Thursday, September 1, 2011

On Jack and Faye

Before I became a Mountain Goats fan, I did not know the term "noob." Really. It took me a while to figure it out, but sometime in early 2007, after having it repeatedly hurled at me as an epithet on a Mountain Goats computer forum, I finally had to look it up on urban dictionary.

I first heard the Mountain Goats back in 1999 or so, when, on a lark, I downloaded "Song for Dana Plato" illegally on Napster. Plato had just overdosed, and I was looking for an audio file of her interview with Howard Stern, and found this song, instead. But, sadly enough, I didn't really get into the band until I stumbled upon them again when the Sunset Tree was released. And that made me a noob. There was a galaxy of obscure and obtuse songs floating around me, dancing near me but too far away to hear. I could smell them, but I couldn't touch them. People on the forums bragged and worshipped them. They called out for them at shows and squealed when Mr. Darnielle complied.

Everytime I made a comment about "This Year" or "No Children," the stink of antipathy dripped through the screen and keyboard, up through my fingers and down my spine, or over my body at a show, like a stinky layer of concert sweat. There was a whole graveyard full of zombie tunes with names and words but no way for me to get to them. I was chastised if I even tried. "Song for Roger Maris." "Standard Bitter Love Song #1." "Shower."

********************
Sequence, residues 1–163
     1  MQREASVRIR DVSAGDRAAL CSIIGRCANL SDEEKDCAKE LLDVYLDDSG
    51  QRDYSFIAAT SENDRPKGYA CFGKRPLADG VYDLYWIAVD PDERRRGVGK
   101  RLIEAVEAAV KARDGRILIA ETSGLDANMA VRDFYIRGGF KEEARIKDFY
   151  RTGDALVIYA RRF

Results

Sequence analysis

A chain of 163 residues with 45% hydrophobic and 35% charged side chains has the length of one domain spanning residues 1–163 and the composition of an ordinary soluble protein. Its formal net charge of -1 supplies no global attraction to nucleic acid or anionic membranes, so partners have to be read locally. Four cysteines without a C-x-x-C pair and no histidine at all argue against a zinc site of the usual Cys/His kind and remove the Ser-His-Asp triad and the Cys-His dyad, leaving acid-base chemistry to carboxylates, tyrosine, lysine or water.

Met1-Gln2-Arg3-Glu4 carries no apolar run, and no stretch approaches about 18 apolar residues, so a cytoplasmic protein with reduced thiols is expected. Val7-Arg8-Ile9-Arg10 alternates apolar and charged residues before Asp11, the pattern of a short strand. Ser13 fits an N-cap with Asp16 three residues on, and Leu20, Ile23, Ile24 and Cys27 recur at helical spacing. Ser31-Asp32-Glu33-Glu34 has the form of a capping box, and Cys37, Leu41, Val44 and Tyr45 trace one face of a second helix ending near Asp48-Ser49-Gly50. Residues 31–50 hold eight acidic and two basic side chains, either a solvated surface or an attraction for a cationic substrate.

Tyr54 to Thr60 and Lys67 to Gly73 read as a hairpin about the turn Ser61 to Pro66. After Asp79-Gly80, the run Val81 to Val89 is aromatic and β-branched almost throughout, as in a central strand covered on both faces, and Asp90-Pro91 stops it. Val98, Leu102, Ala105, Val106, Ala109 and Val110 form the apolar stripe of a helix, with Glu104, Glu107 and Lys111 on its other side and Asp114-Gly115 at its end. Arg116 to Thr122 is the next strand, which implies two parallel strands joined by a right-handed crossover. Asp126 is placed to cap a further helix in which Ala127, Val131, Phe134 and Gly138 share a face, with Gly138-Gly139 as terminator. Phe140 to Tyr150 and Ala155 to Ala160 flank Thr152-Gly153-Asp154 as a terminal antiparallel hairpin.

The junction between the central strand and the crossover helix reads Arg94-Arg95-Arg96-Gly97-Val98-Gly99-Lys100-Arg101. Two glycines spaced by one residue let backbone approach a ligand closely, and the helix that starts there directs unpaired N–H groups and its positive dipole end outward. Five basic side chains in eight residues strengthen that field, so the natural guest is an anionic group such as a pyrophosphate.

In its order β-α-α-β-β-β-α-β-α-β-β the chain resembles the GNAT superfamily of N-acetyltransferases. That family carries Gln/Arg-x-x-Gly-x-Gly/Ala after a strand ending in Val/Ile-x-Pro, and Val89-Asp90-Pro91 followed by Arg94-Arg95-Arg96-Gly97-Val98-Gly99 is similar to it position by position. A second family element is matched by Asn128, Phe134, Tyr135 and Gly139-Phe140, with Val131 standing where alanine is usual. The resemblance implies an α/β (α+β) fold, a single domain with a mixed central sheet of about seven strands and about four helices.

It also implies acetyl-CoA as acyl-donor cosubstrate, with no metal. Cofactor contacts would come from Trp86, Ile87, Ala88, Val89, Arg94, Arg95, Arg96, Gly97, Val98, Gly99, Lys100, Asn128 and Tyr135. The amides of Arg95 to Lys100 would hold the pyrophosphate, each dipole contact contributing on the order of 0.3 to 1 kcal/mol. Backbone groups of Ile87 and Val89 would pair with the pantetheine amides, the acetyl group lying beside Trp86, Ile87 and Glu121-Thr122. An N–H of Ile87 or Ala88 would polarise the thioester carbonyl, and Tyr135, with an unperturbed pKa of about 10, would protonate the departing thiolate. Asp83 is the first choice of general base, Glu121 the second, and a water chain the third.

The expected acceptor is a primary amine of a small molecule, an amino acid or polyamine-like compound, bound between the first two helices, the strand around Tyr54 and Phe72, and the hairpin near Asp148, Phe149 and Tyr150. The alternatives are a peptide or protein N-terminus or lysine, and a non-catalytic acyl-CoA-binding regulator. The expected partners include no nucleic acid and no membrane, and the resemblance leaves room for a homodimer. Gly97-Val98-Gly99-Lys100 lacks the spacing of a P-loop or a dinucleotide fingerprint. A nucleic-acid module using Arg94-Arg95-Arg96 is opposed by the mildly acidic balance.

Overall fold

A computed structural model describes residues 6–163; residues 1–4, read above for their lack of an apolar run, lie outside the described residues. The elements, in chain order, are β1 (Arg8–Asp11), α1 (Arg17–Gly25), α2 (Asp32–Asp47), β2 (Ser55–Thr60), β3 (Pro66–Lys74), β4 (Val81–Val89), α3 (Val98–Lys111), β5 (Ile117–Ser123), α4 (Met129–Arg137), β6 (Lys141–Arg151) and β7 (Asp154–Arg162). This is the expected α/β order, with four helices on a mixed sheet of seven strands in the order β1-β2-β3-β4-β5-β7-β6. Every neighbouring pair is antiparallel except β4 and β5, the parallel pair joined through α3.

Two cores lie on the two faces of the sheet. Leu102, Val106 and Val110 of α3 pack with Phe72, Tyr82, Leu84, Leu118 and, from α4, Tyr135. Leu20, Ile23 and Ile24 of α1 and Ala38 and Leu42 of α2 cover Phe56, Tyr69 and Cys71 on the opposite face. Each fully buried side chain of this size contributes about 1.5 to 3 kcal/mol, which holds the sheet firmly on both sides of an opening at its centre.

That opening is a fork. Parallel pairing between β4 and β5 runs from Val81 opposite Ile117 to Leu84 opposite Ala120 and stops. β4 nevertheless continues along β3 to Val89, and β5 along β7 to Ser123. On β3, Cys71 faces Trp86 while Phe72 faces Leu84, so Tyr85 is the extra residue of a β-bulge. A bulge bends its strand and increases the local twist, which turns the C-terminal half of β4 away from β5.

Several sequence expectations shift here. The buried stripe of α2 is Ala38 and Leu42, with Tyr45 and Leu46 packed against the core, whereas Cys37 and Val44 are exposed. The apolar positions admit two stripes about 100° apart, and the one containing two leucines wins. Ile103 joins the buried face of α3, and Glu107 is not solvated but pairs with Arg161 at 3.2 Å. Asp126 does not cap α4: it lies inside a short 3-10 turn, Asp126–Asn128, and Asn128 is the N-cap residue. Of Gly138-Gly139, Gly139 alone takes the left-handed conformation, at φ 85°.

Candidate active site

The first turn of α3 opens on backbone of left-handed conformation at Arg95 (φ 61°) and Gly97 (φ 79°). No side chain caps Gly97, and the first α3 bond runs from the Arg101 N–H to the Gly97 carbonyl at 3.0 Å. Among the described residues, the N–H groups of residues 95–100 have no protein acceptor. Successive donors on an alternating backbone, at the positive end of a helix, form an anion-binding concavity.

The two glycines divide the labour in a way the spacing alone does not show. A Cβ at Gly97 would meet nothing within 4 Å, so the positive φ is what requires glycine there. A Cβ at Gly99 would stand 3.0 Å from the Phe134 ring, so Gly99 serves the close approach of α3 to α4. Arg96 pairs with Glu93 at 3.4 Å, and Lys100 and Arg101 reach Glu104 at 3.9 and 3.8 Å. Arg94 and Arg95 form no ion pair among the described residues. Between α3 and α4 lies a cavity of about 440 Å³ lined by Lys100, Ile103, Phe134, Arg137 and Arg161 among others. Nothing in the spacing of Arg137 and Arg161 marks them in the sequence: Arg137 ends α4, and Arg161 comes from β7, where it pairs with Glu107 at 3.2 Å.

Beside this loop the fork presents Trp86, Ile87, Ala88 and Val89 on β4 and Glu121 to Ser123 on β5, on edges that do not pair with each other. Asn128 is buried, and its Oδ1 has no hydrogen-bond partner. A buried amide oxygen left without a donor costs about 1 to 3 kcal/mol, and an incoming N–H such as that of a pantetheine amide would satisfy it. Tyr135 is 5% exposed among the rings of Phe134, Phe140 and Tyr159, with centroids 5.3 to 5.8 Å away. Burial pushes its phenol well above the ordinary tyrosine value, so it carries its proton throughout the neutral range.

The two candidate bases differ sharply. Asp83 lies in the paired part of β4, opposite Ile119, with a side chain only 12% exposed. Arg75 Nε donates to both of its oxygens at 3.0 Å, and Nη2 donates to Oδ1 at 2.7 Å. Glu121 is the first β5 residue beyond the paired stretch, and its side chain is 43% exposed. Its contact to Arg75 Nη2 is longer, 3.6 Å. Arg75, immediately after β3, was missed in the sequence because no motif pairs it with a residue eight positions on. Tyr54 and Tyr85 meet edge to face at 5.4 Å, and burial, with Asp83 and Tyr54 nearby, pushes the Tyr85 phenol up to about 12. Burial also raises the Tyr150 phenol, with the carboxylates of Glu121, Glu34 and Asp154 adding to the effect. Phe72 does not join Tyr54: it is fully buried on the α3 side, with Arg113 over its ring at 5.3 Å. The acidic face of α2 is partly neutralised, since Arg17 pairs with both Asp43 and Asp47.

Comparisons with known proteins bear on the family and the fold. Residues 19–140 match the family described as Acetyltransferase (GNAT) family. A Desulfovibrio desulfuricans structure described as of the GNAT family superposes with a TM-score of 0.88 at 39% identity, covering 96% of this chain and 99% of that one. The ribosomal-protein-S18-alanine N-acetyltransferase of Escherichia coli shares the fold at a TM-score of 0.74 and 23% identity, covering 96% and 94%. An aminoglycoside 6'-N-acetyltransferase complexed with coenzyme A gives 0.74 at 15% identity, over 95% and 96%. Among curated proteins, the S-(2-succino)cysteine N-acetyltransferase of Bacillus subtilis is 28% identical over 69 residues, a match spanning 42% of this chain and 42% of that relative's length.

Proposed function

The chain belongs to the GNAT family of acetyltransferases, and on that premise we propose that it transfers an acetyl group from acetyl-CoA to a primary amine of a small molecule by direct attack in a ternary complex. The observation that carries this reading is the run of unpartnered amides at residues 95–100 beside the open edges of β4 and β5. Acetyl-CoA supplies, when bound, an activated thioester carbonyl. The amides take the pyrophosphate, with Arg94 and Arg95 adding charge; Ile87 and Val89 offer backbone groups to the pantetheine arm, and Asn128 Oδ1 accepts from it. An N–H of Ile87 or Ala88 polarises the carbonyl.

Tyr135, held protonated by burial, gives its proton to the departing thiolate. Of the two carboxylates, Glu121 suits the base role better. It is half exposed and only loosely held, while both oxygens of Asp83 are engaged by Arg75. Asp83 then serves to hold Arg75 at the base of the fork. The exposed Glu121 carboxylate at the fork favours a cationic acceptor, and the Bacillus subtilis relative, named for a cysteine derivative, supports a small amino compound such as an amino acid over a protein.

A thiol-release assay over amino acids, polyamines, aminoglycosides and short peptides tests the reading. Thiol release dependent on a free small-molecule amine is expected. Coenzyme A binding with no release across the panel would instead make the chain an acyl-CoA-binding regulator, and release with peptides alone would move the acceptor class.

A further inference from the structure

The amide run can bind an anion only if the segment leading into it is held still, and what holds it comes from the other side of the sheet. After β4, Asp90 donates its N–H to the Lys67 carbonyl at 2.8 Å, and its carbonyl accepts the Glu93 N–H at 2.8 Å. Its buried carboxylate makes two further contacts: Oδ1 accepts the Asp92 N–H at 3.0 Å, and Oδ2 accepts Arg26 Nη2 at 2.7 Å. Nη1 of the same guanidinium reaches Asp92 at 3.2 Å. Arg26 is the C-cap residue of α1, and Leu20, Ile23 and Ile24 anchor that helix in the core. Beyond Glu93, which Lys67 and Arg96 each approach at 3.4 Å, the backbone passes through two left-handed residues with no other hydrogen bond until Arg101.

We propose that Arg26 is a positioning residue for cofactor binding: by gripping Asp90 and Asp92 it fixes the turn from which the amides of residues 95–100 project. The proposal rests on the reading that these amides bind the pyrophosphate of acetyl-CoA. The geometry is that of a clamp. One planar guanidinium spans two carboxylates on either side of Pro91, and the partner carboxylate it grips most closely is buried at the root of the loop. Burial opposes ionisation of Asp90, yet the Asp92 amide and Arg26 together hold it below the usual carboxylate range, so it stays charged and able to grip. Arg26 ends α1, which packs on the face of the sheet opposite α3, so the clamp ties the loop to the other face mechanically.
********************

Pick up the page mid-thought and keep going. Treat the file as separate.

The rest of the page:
Jack and Faye was my first entry into the world of Mountain Goats rarities. It wasn't particularly rare, as the band's official website actually includes a link to the digital-only four-track EP. But, it wasn't released by any record label and it certainly wasn't available on ITunes. So, to me, a noob, it was rare.

What's more, there was no apparent official artwork for the E.P. I had to find fan-made artwork instead, from a long-time fan that seemed to know more about the Mountain Goats than I knew about myself. And so it seemed rarer even still, taking two separate sources in order to get a full set. And even though the artwork wasn't sanctioned by the band, it was about as perfect a package as one could expect. A gem sought and found.